"So your life is a string of good times!"

"Seems so," the Old Man concluded, not seeming to believe himself. "That is, I try to make it so. Shall we get another bottle?" And when the Boy nodded his consent, the Old Man said, "Won't it be too much for you?"

"I'm watching myself from the outside." 

At the beginning of the new bottle, the Old Man expounded his philosophical views on friendship; toward the middle, on masculine honor. He planned to carry on with his thesis, but the slender-legged waitress arrived and brought the sad news that they would soon be closing. The Old Man looked around—everyone was having their final drinks—and since he wasn't accustomed to being a straggler, stood up and made a gallant bow. "Will you do us the pleasure of sitting with us?"

To the surprise of both, the girl closed her notepad and thrust it into her pocket. The Old Man motioned with his eyes, and the Boy rushed to fetch a chair. The Old Man motioned with his eyes again, and the Boy rushed to fetch a glass from the waiters' table. With an expert, practiced gesture, the Old Man filled the girl's glass, raised his and asked, "What should we call you?"

"Mimmi," she said shyly.

"Mimmi, let me introduce you: this is my son, a wonderful boy. Let's drink to the health of the three of us."

They did.

"My son's a clever boy, he studies physics, knows a few languages—"

"Dad, stop it!" cried the Boy.

The Old Man shut up in embarrassment and rose a bit again. "Young lady, please excuse an old jester. Sometimes a man enjoys himself more than he can take . . . "

The girl stretched her lovely lips into a smile and asked, "And why didn't you introduce yourself, sir?"

"I did not? I'm sorry. I'm his father."

"I know who you are. The party at the next table recognized you—I heard their whispers. I've read your books myself, I like them very much."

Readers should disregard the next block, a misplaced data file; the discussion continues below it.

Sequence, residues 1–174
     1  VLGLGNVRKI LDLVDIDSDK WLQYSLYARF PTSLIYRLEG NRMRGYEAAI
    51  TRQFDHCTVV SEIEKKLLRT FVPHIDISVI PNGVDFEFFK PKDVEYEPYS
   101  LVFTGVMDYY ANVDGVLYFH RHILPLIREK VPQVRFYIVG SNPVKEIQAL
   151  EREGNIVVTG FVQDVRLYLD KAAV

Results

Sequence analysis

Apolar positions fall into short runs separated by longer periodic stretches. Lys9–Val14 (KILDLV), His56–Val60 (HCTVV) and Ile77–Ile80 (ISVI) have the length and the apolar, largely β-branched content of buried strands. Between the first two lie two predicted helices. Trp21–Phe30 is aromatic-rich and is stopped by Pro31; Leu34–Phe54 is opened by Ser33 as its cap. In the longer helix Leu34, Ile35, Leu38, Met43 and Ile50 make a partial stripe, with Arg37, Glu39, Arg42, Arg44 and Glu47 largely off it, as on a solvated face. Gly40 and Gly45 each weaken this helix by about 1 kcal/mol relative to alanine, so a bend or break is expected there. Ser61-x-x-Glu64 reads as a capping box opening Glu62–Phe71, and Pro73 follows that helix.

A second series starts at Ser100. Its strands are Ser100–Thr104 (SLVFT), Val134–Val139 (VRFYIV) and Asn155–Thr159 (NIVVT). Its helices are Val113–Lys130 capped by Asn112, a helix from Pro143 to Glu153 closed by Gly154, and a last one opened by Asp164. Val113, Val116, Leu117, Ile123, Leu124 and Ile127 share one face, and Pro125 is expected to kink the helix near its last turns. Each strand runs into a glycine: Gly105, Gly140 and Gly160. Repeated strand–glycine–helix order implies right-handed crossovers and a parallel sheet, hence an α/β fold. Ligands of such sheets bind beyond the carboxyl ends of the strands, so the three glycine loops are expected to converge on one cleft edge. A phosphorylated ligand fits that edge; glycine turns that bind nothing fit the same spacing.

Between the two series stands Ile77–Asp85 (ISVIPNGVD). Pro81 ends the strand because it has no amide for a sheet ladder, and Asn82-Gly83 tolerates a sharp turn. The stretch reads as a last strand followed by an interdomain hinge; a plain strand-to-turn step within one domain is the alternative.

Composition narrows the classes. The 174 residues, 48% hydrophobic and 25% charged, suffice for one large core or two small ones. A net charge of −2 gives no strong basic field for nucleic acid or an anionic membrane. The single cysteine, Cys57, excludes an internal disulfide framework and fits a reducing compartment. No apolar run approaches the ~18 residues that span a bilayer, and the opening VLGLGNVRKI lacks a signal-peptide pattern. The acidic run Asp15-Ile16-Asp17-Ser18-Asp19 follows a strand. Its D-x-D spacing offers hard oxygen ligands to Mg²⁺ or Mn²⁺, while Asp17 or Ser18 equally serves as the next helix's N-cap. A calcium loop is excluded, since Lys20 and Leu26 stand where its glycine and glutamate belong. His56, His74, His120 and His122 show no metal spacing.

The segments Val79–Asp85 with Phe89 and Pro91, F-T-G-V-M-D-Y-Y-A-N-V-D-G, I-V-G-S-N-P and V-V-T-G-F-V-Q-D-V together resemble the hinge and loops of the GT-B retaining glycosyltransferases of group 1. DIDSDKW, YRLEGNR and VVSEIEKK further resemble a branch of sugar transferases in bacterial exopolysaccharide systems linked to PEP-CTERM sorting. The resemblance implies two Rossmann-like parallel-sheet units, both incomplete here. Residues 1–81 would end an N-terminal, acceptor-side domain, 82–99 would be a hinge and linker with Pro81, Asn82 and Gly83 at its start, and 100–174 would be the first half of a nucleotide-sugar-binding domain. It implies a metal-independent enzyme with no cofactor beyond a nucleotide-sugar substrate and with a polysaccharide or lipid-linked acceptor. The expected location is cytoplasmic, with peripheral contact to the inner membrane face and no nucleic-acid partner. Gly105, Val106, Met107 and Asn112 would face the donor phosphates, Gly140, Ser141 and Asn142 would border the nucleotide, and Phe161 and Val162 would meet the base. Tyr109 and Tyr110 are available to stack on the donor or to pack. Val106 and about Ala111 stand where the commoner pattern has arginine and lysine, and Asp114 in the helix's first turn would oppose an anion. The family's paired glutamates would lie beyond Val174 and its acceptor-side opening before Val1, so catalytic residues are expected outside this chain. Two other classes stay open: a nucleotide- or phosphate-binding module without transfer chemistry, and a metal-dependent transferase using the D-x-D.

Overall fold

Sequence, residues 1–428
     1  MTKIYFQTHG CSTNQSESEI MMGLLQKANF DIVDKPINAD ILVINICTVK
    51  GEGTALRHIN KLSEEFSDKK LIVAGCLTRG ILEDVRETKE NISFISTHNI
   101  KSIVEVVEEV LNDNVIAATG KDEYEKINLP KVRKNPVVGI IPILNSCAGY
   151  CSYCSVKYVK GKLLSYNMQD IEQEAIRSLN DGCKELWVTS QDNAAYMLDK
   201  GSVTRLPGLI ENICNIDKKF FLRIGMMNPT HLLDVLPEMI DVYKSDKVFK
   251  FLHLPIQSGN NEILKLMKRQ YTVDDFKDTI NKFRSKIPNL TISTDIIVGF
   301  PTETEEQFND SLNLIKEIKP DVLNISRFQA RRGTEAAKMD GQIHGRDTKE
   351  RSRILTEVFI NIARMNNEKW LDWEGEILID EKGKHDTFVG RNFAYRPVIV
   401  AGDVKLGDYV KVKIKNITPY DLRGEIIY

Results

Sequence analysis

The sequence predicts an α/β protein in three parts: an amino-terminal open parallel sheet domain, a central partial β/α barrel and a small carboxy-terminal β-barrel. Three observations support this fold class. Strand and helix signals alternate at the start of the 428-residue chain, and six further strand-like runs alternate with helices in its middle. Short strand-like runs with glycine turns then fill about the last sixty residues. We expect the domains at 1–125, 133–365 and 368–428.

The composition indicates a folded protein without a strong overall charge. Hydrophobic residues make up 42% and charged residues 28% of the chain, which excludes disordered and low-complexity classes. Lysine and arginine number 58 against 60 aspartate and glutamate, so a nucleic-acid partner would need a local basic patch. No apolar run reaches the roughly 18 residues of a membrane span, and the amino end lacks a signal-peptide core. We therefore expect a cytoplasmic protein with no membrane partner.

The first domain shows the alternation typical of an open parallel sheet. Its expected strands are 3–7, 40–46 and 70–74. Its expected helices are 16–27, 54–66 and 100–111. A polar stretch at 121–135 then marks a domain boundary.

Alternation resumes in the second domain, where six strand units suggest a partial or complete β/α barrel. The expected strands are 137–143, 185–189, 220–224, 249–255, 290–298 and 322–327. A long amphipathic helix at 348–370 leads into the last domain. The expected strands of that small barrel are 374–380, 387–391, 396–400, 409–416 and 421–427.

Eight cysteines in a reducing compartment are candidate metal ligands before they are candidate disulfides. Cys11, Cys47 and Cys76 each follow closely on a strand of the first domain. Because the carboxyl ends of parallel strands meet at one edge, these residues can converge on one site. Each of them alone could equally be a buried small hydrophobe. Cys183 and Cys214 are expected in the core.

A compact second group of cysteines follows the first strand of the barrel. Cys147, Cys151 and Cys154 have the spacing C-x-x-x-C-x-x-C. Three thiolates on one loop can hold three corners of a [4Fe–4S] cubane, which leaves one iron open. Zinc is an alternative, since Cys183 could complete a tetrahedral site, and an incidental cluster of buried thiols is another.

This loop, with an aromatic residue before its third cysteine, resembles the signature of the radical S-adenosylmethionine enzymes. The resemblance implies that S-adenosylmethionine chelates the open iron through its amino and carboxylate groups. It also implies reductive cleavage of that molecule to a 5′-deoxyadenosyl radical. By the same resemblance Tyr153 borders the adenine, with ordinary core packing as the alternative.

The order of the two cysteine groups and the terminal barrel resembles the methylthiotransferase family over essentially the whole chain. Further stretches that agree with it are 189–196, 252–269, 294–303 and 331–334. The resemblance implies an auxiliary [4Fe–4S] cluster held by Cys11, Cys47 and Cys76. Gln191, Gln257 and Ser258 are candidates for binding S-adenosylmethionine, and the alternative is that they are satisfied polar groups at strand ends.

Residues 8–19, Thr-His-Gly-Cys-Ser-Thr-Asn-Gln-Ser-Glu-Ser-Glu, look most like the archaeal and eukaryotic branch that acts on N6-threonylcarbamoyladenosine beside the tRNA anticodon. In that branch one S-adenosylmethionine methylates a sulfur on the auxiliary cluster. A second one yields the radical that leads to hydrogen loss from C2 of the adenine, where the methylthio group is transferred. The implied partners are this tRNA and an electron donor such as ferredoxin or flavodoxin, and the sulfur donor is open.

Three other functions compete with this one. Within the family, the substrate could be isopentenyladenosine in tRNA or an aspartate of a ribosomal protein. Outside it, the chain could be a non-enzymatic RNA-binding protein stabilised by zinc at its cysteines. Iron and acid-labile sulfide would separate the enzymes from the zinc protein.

The Old Man leaned deeply toward her, smiled inscrutably, and said sadly, "My books? I'm presenting you something much greater than them." He pointed a finger at his son. "My life."

The Old Man paid, and they left. The Sea Garden was deserted, and the evening breeze had freshened.

"It's happened to me before," the Boy said. "When I say my name, they ask me, 'Wait, aren't you the son of—'"

"That's nonsense!" the Old Man cut in irritably. "No one's ever asked me such a thing, my father was an accountant at a local cinema. But I am proud of him."

They walked a few steps along the alley. The Boy halted and turned to the Old Man. "I'm proud of you too, Dad." He hurried to add, "Not just because of your books."

The Old Man felt an odd weakness in his knees. He'd grown used to flattery, but that was different. He'd grown used to living among sentences, but that was a different sentence. He'd learned how to construct plots and string together his characters' words, but that was not a story. Only now did the Old Man realize how long he'd waited to hear that and how much he'd hoped to hear it, and how great it felt to hear it. Only now. Suddenly, he decided they should not get to the old street lamp, before the street lamp he should wipe, you know, his glasses . . .  "Let's sit down, OK?"